Do we need a division to oversee the roll-out of primary care, or should it be done by the hospital groups? How should we do it to ensure we get primary care running efficiently in tandem with the acute hospitals? Over the years, we, and everybody else who has examined health systems across the world, have consistently said primary care is the way health care should be delivered in the years ahead. Yet, the minute a budget adjustment is required, primary care always seems to be hit first, and then everything falls back on the acute hospital setting. We have strategies in place to deal with the winter initiative, such as cancellations of elective surgeries when there is overcrowding in hospitals. At what stage do we realise we cannot keep doing this and that primary care has to deal with the capacity issues in the acute hospital system?
I thank Mr. O'Brien and Mr. Woods for their attendance and presentation. Mr. O'Brien made many references to the trend that we are moving more towards emergency and away from elective procedures.
My position is that the HSE is not serious about tackling this. I see no evidence of a systematic plan to deal with the issue. From the response to a parliamentary question I tabled recently, we learned that, from 1 January to 16 November, Tullamore hospital instigated the full-capacity protocol 511 times. That is a phenomenal figure. It suggests that the full-capacity protocol, which I understood was supposed to be a response to an emergency situation, is now becoming more or less a way of life. I agree that we are heading in the direction of more emergency and less elective care, but I put it to Mr. O'Brien that he is not in any way serious about dealing with that.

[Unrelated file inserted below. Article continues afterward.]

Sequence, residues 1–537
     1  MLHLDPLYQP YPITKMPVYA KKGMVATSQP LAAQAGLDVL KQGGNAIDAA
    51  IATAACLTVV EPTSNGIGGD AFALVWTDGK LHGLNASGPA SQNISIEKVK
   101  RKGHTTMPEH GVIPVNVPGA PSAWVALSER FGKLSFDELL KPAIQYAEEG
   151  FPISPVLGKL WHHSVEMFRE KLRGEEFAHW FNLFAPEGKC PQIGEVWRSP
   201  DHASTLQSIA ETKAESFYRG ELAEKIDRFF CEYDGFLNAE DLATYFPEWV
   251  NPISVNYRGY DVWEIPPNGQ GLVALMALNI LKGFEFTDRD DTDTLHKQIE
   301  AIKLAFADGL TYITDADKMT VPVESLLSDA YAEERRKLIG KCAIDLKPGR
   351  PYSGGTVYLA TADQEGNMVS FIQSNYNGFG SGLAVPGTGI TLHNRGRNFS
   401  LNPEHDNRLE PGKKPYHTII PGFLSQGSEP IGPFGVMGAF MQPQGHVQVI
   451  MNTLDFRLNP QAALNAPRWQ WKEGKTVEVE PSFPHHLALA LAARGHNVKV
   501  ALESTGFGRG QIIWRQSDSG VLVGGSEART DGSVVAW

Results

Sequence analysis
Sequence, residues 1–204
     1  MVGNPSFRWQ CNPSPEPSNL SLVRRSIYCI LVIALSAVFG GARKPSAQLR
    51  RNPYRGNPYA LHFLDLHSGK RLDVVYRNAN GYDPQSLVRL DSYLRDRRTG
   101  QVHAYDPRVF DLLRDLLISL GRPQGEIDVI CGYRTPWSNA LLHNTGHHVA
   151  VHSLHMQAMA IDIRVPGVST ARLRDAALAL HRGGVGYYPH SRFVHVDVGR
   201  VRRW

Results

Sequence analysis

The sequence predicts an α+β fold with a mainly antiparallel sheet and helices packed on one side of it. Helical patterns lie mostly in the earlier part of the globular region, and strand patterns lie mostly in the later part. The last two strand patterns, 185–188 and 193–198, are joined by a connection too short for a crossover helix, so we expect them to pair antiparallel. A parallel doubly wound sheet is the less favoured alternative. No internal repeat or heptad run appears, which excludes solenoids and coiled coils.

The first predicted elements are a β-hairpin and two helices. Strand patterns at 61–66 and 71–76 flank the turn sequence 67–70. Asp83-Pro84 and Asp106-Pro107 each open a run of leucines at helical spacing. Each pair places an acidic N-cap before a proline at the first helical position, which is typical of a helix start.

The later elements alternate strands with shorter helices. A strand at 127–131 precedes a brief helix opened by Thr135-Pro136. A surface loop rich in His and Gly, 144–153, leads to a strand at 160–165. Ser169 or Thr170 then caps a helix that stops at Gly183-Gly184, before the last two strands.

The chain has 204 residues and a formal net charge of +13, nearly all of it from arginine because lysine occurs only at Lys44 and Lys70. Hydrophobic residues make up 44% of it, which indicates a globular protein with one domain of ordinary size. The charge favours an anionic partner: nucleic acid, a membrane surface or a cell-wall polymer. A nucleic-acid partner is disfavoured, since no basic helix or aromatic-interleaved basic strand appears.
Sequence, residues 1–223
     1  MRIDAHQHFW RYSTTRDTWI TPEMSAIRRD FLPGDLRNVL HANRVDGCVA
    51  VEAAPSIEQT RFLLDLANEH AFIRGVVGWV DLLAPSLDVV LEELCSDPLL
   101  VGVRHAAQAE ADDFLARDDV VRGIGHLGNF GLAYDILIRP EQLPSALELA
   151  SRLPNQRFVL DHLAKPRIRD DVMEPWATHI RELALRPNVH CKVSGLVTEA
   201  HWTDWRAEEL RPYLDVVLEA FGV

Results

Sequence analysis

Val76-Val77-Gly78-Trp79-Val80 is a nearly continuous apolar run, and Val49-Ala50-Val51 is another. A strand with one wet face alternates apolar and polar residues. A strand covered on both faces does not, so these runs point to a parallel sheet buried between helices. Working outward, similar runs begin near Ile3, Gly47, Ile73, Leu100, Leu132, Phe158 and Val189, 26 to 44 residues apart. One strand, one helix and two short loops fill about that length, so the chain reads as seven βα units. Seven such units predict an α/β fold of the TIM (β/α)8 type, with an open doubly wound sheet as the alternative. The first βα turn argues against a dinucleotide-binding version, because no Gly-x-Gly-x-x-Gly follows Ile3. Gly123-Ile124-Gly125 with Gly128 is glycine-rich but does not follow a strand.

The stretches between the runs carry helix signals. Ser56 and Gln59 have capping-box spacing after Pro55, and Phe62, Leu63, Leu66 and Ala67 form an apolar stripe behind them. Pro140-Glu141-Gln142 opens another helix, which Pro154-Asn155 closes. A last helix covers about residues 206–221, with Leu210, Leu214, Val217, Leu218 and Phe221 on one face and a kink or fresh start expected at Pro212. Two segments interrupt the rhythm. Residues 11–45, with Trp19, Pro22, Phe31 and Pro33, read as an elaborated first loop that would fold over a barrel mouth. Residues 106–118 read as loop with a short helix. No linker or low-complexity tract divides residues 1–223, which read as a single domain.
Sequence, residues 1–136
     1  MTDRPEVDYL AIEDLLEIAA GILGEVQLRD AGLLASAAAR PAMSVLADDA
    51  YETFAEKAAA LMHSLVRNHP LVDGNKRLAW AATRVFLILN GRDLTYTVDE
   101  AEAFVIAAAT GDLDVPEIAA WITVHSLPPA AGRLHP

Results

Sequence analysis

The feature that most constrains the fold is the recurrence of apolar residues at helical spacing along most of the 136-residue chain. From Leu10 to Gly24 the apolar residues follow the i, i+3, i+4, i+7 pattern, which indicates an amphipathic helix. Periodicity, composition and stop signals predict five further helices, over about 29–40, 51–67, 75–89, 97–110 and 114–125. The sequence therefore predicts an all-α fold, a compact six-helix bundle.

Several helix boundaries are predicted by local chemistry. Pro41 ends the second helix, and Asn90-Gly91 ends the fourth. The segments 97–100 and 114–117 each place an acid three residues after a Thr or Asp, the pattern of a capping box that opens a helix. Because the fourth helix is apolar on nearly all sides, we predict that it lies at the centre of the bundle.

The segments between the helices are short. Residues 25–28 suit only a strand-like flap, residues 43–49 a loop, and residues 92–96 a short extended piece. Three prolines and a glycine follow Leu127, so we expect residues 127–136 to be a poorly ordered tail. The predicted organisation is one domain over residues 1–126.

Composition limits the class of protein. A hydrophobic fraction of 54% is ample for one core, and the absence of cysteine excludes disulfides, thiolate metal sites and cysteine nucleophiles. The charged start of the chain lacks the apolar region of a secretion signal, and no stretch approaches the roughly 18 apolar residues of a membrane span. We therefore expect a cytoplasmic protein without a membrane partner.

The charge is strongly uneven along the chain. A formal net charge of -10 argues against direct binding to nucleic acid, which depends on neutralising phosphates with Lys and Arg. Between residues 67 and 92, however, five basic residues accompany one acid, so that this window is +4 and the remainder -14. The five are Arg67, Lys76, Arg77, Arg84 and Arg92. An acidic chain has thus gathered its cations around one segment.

In responses to other parliamentary questions I asked, I learned that not one of the 14 primary care centres to be built is to get any additional staff. Everybody talks about the need to invest in primary care. Mr. O'Brien said that a significant resource will be required. How would he quantify a significant resource? What will it be? I am sure he knows. I am disappointed that he did not provide the information earlier but perhaps he would enlighten the committee on what significant resource will be required to begin the move from dealing with emergencies. The full-capacity protocol is a recognition that there is an emergency situation at a hospital and that drastic measures must be taken. It appears that hospitals are in an almost permanent state of full-capacity protocol. I am familiar with the protocol because I worked in the unions when it was first discussed. At the time, we were given to understand that it would seldom be used but now it is almost permanently in use. I do not see a plan to move from emergencies only over to primary care, so I would be interested to hear about that.